14 When the spectra of quasars were examined it was found that they fantastically large cosmological redshifts. This meant they were extremely far away. Some were billions of light years distant. If quasars appear fairly bright to us here on earth, but they are billions of light years away, What must we conclude?

15 1.Quasars have a radius that is much bigger than a galaxy 2.Quasars extremely old 3.Quasars have an enormous luminosity

16 B = L/4πd 2 So quasars have enormous luminosities. They can often have more than 100 times the luminosity of an entire galaxy. Although not know at the time of discovery, the quasars are located at the centers of galaxies. We can see this today in Hubble Space Telescope images.


18 Not only are quasars found at the center of galaxies, they are found in galaxies that are in the process of merging with other galaxies. Although in the images, quasars look like they are large in diameter this is not the case. Quasars often change their brightness. They tend to flare up brightly and then dim. A given flare-up might last for a couple hours. Here is an example.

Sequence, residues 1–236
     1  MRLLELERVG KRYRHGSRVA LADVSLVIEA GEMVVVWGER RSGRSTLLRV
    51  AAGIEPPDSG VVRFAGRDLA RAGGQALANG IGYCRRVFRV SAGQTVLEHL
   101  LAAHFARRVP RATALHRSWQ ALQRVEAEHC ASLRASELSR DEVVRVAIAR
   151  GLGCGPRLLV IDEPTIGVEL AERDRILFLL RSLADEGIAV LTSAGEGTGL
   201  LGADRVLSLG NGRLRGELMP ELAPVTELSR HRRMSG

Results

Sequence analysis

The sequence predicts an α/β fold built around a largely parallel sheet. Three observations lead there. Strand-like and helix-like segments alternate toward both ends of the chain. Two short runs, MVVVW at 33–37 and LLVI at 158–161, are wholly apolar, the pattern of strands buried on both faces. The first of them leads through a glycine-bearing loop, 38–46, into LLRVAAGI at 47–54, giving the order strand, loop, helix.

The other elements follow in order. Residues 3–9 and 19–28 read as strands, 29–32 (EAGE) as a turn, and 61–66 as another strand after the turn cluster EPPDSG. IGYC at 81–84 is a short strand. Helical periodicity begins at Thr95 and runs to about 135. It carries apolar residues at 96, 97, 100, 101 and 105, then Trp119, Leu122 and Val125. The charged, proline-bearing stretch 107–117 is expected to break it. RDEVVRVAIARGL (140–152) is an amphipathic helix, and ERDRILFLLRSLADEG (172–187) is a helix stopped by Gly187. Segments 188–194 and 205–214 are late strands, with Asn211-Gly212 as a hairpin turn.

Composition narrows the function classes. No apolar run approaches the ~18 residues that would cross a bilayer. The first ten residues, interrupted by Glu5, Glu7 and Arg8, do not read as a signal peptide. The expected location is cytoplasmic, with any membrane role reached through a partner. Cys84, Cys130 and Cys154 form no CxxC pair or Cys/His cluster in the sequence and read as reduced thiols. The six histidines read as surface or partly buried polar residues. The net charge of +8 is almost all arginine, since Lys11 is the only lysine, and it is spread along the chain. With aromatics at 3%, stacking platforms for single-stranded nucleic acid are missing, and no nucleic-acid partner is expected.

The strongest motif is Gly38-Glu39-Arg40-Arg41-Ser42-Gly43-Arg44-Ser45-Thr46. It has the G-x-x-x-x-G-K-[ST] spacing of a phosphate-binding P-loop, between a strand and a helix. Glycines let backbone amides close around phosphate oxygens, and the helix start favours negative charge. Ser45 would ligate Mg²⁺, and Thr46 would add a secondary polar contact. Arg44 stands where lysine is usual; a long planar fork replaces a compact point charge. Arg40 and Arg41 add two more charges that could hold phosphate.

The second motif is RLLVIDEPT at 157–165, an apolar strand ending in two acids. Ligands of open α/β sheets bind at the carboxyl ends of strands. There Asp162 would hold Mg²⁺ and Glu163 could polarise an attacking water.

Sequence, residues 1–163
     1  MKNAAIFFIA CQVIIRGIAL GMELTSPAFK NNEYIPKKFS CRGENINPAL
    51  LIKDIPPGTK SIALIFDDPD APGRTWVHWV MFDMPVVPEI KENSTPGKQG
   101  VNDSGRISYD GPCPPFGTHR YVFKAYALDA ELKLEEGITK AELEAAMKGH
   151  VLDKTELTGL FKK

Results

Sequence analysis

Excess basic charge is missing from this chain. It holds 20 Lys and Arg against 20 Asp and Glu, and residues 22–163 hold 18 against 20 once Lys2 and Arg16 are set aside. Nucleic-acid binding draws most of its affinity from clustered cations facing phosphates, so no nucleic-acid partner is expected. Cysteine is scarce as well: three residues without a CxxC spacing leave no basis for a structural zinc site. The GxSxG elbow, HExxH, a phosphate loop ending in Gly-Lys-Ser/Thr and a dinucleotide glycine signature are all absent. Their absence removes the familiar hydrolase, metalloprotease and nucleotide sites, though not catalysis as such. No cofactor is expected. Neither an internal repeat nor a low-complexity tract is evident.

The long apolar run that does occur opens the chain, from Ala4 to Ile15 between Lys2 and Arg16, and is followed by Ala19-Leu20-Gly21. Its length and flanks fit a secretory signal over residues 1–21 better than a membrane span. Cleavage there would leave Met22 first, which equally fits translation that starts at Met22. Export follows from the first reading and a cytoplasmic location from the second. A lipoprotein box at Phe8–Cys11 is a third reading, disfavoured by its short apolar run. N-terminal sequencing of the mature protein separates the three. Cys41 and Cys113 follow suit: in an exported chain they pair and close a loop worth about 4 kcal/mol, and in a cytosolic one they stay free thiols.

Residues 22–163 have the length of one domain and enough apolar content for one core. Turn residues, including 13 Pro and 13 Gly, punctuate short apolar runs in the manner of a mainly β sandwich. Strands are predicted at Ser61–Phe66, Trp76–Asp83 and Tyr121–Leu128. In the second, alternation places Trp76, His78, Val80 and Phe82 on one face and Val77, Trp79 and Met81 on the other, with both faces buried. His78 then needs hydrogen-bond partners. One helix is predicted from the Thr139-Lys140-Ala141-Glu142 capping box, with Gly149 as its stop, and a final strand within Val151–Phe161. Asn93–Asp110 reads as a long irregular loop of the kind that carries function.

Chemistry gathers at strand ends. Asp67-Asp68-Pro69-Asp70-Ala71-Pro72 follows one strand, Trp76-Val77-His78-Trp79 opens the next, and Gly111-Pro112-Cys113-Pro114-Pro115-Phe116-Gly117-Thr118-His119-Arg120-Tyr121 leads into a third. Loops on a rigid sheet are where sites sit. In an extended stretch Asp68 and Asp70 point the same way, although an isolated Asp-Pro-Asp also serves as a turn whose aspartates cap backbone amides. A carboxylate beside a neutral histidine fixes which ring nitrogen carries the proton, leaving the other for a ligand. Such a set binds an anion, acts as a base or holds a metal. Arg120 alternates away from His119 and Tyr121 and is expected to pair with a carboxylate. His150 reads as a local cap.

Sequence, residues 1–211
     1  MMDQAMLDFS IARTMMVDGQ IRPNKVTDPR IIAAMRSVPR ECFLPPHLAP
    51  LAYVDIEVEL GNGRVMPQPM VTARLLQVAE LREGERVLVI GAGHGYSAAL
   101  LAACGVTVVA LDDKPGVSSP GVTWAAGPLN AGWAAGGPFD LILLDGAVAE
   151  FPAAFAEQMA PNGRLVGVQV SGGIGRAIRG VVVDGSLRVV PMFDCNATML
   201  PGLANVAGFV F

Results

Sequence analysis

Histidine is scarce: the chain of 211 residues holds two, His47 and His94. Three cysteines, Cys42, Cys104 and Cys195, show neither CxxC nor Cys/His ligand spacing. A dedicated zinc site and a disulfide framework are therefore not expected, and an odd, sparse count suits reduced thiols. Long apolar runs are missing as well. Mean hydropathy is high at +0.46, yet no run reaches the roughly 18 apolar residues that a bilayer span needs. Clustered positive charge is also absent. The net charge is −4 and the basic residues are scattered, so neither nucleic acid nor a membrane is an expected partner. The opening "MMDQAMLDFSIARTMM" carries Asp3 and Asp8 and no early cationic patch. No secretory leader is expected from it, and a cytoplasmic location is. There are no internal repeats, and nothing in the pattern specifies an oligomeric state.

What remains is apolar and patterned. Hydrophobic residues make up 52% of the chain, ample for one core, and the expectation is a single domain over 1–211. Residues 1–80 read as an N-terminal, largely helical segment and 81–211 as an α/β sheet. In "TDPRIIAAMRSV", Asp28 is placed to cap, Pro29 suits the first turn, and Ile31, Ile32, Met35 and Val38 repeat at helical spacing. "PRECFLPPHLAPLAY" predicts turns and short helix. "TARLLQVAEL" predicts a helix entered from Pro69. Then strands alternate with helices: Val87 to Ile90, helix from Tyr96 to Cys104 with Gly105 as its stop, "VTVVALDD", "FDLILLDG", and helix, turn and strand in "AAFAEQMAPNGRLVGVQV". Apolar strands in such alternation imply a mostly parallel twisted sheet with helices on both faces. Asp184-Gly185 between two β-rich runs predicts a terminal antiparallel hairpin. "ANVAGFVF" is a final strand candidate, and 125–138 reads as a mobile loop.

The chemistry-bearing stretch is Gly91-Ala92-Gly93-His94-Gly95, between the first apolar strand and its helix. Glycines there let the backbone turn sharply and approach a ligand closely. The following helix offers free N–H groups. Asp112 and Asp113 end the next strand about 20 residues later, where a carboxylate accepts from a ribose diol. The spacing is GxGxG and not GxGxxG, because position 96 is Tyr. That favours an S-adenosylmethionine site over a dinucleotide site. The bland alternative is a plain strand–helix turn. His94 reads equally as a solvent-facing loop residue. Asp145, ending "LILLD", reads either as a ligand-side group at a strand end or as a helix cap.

19 Example of a quasar flare. Brightness Time Width is 2 hours

20 The entire quasar flares up and then returns to its normal brightness Light coming from the flare up of the quasar

21 From the two previous slides, estimate how big the quasar is. 1.About the size of the Earth 2.About 10 light years in diameter 3.About 2 light hours in diameter